He used strong terms, but was not able to produce "the most abundant and convincing evidence" ("de meest overvloedige en overtuigende bewijzen") as he called it.
I asked Knul several times, but he is not able to reproduce Beckering's 'proof' that OLB cannot be authentic.

Otharus, on 19 October 2011 - 11:42 AM, said:
What if "Dutch" (Westfrisian!) is actually more similar to the original language of our ancient ancestors, than what is called "old-Frisian" (from laws that were noted and copied by Christian, Latin-schooled monks)?
What if old-Frisian expert Mr. Montanus de Haan Hettema was right?

Otharus, on 19 October 2011 - 03:12 PM, said:
I agree with
Dr. de Haan Hettema, Dr. Reitsma, Prof. Dr. Vitringa and Dr. Ottema that the language of the OLB is NOT:
a "monstrous absurdity", "linguistic madness", "scandalous", "a most detestable mishmash", "gibberish", "a disgrace in the line of most weighty remains of the oldfrisian language", "miserable hodgepodge of old and young" or "a misfit of babel" (terms used by J.Beckering).

It's still not clear why it would be "out of the question" that OLB is authentic.

### Posted 21 October 2011 - 11:44 AM
Knul, on 19 October 2011 - 10:59 AM, said:
As I have stated before, the OLB is a word-for-word translation of a Dutch text, which follows Dutch grammar, conjugations and declinations.


Caput XXIX.
Thit [Dit] is [is] over [over] tha [de] Gêrtmanna [Geertmannen].
1. Thâ [Toen] Hellênja [Hellenia] jefta [of] Minerva [Minerva] sturven [gestorven] was [was],
tha [toen] bâradon [beraadden] tha [de] prestera [priesterss] as [als] jef [of] hja [zij] mith [met] vs [ons] wêron [waren],
til [tot] thju [zij] that [dat] hel [helder] blika [blijken] skolde [zou] havon [hebben] hja [ze] Hellênia [Hellenia] to [tot] ‑ne [een] godene [god] ute [uit] kêth [geroepen]. (...)

I simply replaced the OLB text word-for-word by its Dutch equivalent without changing the word order. The same can be done from Dutch to OLB, but negative verbs and expressions should be adapted conform mediaeval usage like double negations. I agree with Abe that anyone could have done so. That is why I believe, that he could write a hoax text himself as well.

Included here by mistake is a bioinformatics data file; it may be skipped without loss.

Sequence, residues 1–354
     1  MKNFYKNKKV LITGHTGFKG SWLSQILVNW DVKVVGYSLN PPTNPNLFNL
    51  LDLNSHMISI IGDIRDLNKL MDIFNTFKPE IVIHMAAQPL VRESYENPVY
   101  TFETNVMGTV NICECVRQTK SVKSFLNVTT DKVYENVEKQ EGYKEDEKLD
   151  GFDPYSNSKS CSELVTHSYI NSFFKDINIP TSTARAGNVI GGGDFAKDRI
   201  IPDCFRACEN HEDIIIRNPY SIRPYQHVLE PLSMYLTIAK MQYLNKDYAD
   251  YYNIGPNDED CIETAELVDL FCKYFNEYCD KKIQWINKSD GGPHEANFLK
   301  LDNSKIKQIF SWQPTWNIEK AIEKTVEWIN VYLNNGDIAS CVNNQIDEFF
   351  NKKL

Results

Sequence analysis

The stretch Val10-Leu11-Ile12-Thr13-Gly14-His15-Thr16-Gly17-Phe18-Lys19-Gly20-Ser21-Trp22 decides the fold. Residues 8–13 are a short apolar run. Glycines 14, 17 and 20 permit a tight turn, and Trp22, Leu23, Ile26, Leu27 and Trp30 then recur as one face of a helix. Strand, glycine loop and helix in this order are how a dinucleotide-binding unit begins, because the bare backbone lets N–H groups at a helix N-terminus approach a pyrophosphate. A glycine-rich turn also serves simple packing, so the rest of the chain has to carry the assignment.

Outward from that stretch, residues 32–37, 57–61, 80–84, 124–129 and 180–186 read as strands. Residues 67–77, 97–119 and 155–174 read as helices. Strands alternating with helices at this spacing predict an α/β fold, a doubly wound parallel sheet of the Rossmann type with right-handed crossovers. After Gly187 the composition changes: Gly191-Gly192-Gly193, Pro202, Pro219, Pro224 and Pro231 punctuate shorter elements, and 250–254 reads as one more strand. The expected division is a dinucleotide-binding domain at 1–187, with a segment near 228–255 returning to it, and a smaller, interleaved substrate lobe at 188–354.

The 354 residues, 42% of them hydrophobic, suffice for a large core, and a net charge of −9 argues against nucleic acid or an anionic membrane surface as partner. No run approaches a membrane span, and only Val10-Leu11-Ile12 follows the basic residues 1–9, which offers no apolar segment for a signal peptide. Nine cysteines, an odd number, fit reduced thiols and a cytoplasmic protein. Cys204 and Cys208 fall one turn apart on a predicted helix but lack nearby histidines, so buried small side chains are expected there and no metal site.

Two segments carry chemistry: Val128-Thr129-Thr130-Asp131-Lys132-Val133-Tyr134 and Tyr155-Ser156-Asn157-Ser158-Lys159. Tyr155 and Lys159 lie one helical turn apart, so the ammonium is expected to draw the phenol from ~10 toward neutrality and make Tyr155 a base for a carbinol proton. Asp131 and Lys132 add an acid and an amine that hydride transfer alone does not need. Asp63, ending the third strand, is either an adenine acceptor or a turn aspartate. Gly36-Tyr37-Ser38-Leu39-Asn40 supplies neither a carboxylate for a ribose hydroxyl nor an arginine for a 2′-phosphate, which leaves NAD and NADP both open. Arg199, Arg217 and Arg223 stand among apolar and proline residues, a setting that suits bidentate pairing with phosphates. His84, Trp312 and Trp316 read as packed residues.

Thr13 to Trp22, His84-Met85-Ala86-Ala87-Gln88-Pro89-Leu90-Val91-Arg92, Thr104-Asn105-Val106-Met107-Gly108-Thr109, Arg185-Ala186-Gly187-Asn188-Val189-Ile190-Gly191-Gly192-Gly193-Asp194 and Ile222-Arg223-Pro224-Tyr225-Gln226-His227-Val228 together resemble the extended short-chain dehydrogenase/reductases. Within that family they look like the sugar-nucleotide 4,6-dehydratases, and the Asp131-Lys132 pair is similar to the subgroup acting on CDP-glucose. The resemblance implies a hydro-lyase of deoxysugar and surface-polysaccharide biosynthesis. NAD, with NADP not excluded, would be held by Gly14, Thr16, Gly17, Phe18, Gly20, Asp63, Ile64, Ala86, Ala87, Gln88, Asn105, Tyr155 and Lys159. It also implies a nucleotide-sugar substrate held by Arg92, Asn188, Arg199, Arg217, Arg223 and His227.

One can do the same with German, English and Swedish; that will only be slightly more difficult.

"Dies ist über die Gértmanna.
Als Hellénja oder Minerva gestorben war,
dann überlegten die Priestern als ob si mit uns waren,
damit sie das klar beweisen wurden haben sie Hellénja zu eine Gottin aus gerufen.
... (undsoweiter)"

"This is about the Gértmanna.
When Hellénja or Minerva died had,
then considered the priests whether they were with us,
till they that clear appear should
have they Hellénja to Goddess declared.
... (andsoforth)"

So what does it prove?

That present day Dutch is more similar to the language that was used in this area over 2000 years ago, than the languages of our neighbors?

Or that it has to be fake because it's more easy to understand than a few Medieval formal texts that only have survived because monks did not burn them?

That we have no old written records of the Aboriginals and the Papua's does not mean they did not have a language.

Our ancestors of the year zero must have had an advanced language and it is possible that OLB is the oldest known record of it.

### Posted 21 October 2011 - 12:20 PM

Abramelin, on 21 October 2011 - 12:06 PM, said:
And the Dutch and German languages often use the same word order so it's no surprize both German and Dutch can be used to create a word-for-word translation of the OLB.

So you agree that Knul's conclusion, that OLB must be a translation from modern Dutch into pseudo-oldfrisian, is not correct (as it could also have been from modern German)?

### Posted 21 October 2011 - 12:22 PM

Abramelin, on 21 October 2011 - 12:10 PM, said:
So this 18th century habit already existed in the 7th century BC?